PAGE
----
Sia Furler is simultaneously the most distinctive and anonymous figure in pop. She has dozens of multimillion-selling songs to her name, but before this year, her biggest dance hits were the hooks to Flo Rida and David Guetta songs. As pop goes, that’s as anonymous as it gets. Occasionally, she’ll step out from behind the scenes to coach hopefuls on The Voice or tweet video chats with fans. But she has a lifelong aversion to the spotlight, avoiding conspicuous promotion and public schmoozing and signing a contract that says she doesn’t have to tour. She even wrote an “Anti-Fame Manifesto” this year, which reads in part: “Imagine the stereotypical highly opinionated, completely uninformed mother-in-law character and apply it to every teenager with a computer in the entire world. Then add in all bored people, as well as people whose job it is to report on celebrities. Then, picture that creature, that force, criticizing you for an hour straight once a day, every day, day after day.”
On the cover of her new album 1000 Forms of Fear, she is faceless: The only part of her that’s visible is her trademark blonde bob. The star of the video for her solo breakthrough, “Chandelier,” isn’t her; she gave the video’s striking ragdoll choreography to Dance Moms‘ Maddie Ziegler, who’s dressed as her. On late-night TV, she’s Lena Dunham in a wig. Her writing voice is singular, a mix of Pharrell’s New Age-isms and notes cribbed from night-school self-help courses. Her literal voice is even more so — throaty and almost slurred, like syllables are mouthwash and she’s swishing them around. It can sound quirky or wounded, depending on the song, while remaining distinctive and seemingly inimitable — or at least difficult for another singer to mimic. But they do: Sia has written for artists as big as Rihanna (“Diamonds”) and Britney Spears (“Perfume”), but they all end up sounding eerily like her. Even Beyoncé, on the Furler-assisted “Pretty Hurts,” displays flashes of Sia’s unmistakable tics.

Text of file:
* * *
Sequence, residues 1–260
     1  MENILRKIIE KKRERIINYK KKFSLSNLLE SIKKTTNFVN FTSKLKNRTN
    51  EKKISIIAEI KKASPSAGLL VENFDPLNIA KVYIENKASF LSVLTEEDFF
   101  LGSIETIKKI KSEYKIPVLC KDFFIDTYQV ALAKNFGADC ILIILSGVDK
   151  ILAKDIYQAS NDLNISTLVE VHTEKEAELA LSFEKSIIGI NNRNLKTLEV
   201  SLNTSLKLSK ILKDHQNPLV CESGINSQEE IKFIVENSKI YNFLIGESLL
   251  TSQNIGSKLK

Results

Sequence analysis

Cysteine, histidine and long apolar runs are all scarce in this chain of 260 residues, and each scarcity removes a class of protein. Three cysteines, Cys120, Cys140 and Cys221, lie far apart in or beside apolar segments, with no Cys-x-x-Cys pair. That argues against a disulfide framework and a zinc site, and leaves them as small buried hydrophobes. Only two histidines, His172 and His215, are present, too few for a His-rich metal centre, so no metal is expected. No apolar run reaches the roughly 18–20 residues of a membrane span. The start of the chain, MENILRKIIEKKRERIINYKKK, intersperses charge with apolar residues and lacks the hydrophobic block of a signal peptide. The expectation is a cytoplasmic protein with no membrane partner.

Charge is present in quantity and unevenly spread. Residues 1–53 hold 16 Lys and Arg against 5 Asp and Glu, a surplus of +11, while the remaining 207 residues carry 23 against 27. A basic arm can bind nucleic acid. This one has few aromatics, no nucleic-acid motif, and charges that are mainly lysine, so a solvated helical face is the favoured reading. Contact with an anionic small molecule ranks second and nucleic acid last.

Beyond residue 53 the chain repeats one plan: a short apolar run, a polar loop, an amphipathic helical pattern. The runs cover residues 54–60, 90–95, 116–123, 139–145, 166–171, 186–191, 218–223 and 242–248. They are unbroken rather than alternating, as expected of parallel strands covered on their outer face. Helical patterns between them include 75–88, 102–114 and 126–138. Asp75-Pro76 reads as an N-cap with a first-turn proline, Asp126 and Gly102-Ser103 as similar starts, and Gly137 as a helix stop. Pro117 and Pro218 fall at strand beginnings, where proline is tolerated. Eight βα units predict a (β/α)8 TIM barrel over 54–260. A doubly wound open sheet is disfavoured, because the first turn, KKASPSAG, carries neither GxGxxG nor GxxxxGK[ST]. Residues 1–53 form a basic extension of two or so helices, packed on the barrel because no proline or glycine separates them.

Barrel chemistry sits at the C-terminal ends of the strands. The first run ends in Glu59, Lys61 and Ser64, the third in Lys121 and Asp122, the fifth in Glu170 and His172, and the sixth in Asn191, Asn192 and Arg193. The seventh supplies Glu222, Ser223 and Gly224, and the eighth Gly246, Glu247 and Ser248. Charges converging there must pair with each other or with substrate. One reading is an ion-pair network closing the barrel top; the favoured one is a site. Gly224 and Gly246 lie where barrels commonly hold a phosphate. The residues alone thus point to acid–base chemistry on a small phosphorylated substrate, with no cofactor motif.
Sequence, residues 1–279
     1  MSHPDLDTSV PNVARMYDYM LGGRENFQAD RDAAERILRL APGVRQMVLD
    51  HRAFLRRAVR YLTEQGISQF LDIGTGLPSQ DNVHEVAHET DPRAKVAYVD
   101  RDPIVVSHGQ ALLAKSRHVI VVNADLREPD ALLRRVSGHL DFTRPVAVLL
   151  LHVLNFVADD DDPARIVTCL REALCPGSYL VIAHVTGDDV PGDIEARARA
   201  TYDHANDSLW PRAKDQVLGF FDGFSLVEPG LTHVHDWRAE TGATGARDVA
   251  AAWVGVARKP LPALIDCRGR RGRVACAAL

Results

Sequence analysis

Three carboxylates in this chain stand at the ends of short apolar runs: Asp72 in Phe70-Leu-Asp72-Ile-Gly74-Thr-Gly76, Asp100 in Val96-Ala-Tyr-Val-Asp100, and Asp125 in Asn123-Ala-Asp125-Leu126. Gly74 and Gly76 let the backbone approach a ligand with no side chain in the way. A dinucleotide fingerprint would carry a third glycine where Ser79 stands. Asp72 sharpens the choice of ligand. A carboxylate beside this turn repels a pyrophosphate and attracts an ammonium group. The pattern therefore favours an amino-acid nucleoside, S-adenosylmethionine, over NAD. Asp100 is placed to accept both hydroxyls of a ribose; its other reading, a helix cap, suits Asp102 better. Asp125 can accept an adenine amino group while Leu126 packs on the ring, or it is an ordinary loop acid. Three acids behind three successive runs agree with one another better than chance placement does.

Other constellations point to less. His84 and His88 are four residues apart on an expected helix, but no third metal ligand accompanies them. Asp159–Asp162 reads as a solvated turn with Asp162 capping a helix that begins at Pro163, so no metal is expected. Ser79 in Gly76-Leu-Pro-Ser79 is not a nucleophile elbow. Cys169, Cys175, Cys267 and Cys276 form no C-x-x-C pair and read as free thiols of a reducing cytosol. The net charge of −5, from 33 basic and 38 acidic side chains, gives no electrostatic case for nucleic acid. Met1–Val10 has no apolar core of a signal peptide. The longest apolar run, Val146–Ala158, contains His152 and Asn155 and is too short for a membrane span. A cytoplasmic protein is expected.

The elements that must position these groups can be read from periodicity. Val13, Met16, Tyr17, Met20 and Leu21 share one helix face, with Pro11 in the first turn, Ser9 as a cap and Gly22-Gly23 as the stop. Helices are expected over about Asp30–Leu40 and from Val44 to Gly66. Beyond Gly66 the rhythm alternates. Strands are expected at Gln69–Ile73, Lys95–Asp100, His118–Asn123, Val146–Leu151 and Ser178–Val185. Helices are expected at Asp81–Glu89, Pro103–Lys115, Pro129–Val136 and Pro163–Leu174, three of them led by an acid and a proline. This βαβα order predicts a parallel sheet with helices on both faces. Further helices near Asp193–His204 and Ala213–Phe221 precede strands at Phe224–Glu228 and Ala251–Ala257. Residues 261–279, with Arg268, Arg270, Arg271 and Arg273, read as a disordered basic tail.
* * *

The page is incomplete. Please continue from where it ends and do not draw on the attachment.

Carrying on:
Sia often describes herself as a survivor — fame has been hard on her, and she’s spoken candidly about her addictions and suicide attempts. But she’s a survivor in another sense, having weathered multiple shifts in the music landscape. She began her career in the mid ’90s as a vocalist with Adelaide acid jazz act Crisp, after founder Jesse Flavell heard her sing and was “stopped in [his] tracks.” (It’s striking how much contemporary Top 40 radio you can hear in an obscure Australian downtempo act from 1997.) Acid jazz became trip-hop, and Sia followed that path on both her earliest solo albums as well as with Air contemporaries Zero 7. But trip-hop had an expiration date, and the legions of often-female guest vocalists the genre depended on suddenly found their careers stranded. Sia escaped that fate mostly due to serendipity; in 2005, the austere “Breathe Me” closed out the Six Feet Under finale. Nine years later, it’s still turning up on shows, from Oprah to Demi Lovato specials. It’s arguably one of two songs (the other is Imogen Heap’s “Hide and Seek”) that dictated the aesthetic of TV syncs from then on, and it singlehandedly made Sia a striking example of how a confessional singer-songwriter might have a viable career in the ’00s.
This wasn’t necessarily a good thing. The stigma of the genre is that it’s pretty glum, and Sia quickly picked up a similar reputation. Her voice was reduced a husk of itself, so as not to overpower its backing. Ironically, the era most people knew Sia for was the one in which she sounded least like herself.
She started writing for other artists at the suggestion of her manager, who hoped to draw her out of a personal slump, and the success of this tack largely came down to two then-unlikely people: Christina Aguilera and writer/producer Greg Kurstin. Aguilera recruited Sia, along with indie dance artists like Ladytron, Le Tigre and Santigold, to write songs for her attempted 2010 comeback album Bionic. Sia’s humble balladry didn’t generate as much hype as her counterparts, but she had the distinct advantage of actually getting her songs on the record, including the single “You Lost Me.” Better yet, her contributions were by far the most acclaimed moments on a largely derided album that few people bought or liked. Sia’s approach on Bionic informed much of her writing afterward, both in its reflectiveness as well as its process — Aguilera’s one of many singers who’s described writing with Sia as “a therapy session.”